The Carnation Revolution (Portuguese, Revolução dos Cravos) was an almost bloodless, left-leaning, military-led coup d'état, started on April 25, 1974, in Lisbon, Portugal, that effectively changed the Portuguese regime from an authoritarian dictatorship to a liberal democracy after a two-year process of a Left-wing semi-military administration. Although government forces killed four people before surrendering, the revolution was unusual in that the revolutionaries did not use direct violence to achieve their goals. The population, holding red carnations, convinced the regime soldiers not to resist. The soldiers readily swapped their bullets for flowers. It was the end of the Estado Novo, the longest authoritarian regime in Western Europe (but not the last to fall; Francisco Franco ruled Spain until 1975).
In February 1974, Caetano was obliged by the old guard to remove General António Spínola and his underlings as the General tried to change the direction of Portuguese colonial policy, which had become too expensive. The divisions of the powerful elite became visible, at which point the Movimento das Forças Armadas (MFA, "Movement of Armed Forces"), a group of army officers, headed by Otelo Saraiva de Carvalho and joined by Salgueiro Maia, chose to lead a revolution. This movement was born in secrecy in 1973 through the conspiracy of some army officers of leftist tendencies who had been radicalized by the colonial war. Some say that Francisco da Costa Gomes actually led the revolution.
There were two secret signals in the revolution: first the airing of the song E depois do adeus ("After goodbye") by Paulo de Carvalho, Portugal's entry in the Eurovision Song Contest, which alerted the rebel captains and soldiers to start the revolution.
Next, on April 25, 1974 at 12:15 am, the national radio broadcast Grândola, Vila Morena ("Grândola, brunette town") a revolutionary song by Zeca Afonso. This was the signal that the MFA gave to take over strategic points of power in the country and "announced" that the revolution had started and nothing would stop it except "the possibility of a regime's repression".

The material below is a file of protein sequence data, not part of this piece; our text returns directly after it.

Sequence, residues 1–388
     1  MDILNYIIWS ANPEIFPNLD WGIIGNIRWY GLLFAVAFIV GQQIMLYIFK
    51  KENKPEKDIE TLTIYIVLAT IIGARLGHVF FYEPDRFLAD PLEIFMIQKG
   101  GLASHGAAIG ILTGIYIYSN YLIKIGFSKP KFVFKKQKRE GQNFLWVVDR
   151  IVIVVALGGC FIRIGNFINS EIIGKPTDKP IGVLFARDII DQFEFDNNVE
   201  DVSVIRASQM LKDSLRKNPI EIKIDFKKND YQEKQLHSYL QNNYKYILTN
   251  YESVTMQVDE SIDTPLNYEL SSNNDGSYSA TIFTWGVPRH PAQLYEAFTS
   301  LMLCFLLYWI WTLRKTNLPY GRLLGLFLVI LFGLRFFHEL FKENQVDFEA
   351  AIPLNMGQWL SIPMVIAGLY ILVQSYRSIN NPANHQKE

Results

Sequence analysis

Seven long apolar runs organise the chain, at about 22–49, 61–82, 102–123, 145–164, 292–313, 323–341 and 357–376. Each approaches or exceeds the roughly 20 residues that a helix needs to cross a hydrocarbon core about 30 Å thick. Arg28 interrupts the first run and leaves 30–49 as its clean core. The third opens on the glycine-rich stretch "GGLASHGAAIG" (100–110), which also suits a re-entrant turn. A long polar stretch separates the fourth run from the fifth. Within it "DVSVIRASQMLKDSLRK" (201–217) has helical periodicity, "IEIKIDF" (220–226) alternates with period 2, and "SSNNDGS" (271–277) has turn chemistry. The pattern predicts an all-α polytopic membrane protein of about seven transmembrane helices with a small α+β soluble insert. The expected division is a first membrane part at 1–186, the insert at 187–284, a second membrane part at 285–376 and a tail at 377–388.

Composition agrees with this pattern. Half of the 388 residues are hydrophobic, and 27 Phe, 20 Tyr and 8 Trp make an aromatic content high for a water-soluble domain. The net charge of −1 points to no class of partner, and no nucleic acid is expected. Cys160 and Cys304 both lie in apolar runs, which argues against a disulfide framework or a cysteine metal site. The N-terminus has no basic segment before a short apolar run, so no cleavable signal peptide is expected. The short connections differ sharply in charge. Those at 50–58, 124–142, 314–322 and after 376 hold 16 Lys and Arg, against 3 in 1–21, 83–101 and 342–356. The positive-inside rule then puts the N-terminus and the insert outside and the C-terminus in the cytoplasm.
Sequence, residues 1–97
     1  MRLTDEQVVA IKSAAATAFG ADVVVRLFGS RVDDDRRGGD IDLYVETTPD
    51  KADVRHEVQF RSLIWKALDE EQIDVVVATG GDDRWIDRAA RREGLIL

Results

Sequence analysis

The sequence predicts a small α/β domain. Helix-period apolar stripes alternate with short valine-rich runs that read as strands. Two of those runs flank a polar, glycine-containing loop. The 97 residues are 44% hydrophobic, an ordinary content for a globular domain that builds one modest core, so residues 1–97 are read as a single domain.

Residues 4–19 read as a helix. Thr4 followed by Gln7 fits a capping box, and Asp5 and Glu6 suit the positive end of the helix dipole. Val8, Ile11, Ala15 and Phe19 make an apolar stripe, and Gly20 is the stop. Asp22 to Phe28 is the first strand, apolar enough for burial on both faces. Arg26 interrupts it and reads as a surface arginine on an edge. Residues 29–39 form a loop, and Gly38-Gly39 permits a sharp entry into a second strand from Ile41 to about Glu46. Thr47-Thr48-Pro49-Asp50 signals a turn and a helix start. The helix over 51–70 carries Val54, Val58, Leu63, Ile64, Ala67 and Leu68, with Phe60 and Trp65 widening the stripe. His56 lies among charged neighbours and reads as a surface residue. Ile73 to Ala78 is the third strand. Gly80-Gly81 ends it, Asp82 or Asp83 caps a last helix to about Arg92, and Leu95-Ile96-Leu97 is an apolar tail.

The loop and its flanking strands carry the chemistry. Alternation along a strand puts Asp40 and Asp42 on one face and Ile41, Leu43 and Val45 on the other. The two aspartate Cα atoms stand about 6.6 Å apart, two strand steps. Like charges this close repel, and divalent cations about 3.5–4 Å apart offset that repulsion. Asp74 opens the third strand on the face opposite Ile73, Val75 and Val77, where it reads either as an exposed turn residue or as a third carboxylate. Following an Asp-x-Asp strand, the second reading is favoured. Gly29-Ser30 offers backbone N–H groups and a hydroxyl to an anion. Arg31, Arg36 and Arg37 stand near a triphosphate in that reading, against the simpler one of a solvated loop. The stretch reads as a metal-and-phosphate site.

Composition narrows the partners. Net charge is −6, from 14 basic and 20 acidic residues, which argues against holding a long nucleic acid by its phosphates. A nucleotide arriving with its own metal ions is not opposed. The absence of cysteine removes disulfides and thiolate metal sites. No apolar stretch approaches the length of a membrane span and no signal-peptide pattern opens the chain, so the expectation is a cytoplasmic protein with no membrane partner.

Six hours later, the dictatorial regime caved in. Despite repeated appeals from the "captains of April" (of the MFA) on the radio inciting the population to stay at home, thousands of Portuguese descended on the streets, mixing themselves with the military insurgents. One of the central points of those gathering was the march of flowers in Lisbon, then richly stocked with carnations, which were in season. Some military insurgents would put these flowers in their gun-barrels; an image which was shown on television around the world. This would be the origin of the name of this "Carnation revolution".
Caetano found refuge in the main Lisbon military police station. This building was surrounded by the MFA, which pressured him to cede power to General Spínola. Both Caetano (the prime minister) and Americo Thomaz (the President) fled to Brazil. Caetano spent the rest of his life in Brazil, while Thomaz returned to Portugal a few years later.
The revolution was closely watched from neighbouring Spain, where democrats and totalitarians were planning for the succession of Francisco Franco, who died a year later, in 1975.
Freedom Day on April 25 is a national holiday in Portugal, with official and some popular commemorations, though some right-wing sectors of the population still regard the developments after the coup d'état as pernicious for the country. On the other hand, some of the military leaders lament that the leftist inspiration of the uprising has since been abandoned. The carnation is the symbol of this revolution, since soldiers put these flowers in their guns, in what came to symbolise the absence of violence in changing the regime in Portugal — a regime that had been one of the longest single right-wing party regimes of the 20th century.